Golf

Fathers communicate lessons

Tom Watson reacts to missing a long birdie putt on the 18th green, during Watson's final Masters appearance, at the Augusta National Golf Club on April 8, 2016, in Augusta, Ga.
Tom Watson reacts to missing a long birdie putt on the 18th green, during Watson's final Masters appearance, at the Augusta National Golf Club on April 8, 2016, in Augusta, Ga. TNS

Nine-time major championship winner Tom Watson talked about his 1982 US Open victory at Pebble Beach on PGA Tour Radio this week.

Watson chuckled as he mentioned his conversation with his dad on Father’s Day as he clutched the US Open Trophy.

Everyone remembers the chip-in on the iconic 17th hole that gave Watson a one-shot lead over Jack Nicklaus that Sunday, but lost in that celebration is Watson’s masterful strategy on the final hole.

His 3-wood off the tee and layup to a perfect position proved lethal for Nicklaus as Watson birdied the 18th to win by two, handing The Golden Bear his 18th out of 19 runner-up finishes in majors.

However, his dad according to Watson’s recollection bashed him for hitting that last putt so hard. Typical for fathers who always are teaching.

Dads are kiosks for children who need guidance not only on the golf links but also on life’s course. I still remember my student’s simile back in my days at St John, “My dad’s like a broken ATM machine.” I’m sure that father spit out money when he felt it was necessary, but sometimes children might not understand pop’s direction.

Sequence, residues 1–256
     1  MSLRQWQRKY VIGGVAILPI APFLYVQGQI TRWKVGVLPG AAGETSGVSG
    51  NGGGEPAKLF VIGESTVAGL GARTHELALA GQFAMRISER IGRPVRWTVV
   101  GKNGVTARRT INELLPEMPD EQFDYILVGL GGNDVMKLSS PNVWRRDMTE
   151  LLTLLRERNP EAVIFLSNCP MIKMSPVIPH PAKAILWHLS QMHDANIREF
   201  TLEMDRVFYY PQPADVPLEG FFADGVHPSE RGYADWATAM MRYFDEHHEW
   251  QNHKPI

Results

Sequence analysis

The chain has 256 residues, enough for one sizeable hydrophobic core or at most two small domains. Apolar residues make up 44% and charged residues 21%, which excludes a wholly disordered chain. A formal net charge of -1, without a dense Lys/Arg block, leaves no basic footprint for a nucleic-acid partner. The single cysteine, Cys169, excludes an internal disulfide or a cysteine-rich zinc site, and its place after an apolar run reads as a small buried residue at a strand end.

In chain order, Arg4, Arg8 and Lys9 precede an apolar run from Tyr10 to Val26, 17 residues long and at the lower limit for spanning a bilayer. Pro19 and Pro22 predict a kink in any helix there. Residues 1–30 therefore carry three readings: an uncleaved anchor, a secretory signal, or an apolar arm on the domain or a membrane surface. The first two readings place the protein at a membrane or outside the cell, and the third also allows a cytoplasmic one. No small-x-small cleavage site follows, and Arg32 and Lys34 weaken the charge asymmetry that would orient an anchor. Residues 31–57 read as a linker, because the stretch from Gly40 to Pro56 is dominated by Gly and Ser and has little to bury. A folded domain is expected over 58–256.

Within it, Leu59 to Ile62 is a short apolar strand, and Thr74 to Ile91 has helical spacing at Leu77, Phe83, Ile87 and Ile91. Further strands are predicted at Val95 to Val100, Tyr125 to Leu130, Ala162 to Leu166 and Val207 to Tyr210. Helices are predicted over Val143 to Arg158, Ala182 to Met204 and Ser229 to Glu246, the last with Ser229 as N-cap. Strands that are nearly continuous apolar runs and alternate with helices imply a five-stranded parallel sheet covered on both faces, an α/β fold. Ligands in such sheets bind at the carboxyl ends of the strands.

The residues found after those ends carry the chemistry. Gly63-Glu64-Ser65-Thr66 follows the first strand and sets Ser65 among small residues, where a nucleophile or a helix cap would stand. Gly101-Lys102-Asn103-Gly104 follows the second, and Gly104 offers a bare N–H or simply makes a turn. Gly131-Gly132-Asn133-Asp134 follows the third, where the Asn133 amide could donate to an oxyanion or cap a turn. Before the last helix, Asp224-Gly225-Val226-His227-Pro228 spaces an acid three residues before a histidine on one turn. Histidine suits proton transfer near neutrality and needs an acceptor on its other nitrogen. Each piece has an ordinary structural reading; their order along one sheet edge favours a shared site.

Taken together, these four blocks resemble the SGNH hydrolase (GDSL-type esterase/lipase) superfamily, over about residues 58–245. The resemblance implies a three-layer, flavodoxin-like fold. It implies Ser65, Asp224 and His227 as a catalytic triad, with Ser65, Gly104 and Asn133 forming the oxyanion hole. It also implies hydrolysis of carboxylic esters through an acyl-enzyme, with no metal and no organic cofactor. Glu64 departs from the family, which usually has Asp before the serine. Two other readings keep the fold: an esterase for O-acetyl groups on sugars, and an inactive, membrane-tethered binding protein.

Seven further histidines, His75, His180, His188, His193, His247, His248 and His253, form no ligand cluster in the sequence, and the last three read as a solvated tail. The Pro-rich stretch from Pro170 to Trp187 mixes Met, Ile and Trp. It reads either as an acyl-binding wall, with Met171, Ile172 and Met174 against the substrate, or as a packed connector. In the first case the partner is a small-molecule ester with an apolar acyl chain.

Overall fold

Same holds true in golf, as fathers try to hand out an allowance of course management, swing technique and mental inspiration, but their weekly stipend of advice in life spends better than any golf shop gift certificate. My father was a broken record when he repeated Polonius’ advice to “never a lender or borrower be.”

Having lived through the Great Depression, my dad knew that a penny saved was a penny earned.

Oh how I wish I knew how smart my dad was going to be. Ohh La La! The lyrics of Ronnie Wood and Ron Lane lament about our failure to listen to our granddads about love and women’s ways, but the same can be said about the game. Golfers can know what they will understand later if they just listen to their dads when they’re young.

Dustin Johnson may or may not defend his title this week, but nobody understands better than he how important a father figure is.

“It’s the greatest thing that ever happened to me,” said Johnson. Having The Great One as a soon-to-be father-in-law can’t hurt his chances to win more majors either.

Fatherhood.gov suggests that fathers “Take time to be a dad.” That, along with a child’s desire to listen, will result in birdies on the course and in life.

  Comments